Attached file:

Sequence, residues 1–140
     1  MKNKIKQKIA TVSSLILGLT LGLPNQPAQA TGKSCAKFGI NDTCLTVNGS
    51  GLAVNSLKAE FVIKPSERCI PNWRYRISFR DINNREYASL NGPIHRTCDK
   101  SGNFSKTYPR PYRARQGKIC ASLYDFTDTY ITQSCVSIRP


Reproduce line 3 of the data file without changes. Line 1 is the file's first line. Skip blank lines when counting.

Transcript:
    51  GLAVNSLKAE FVIKPSERCI PNWRYRISFR DINNREYASL NGPIHRTCDK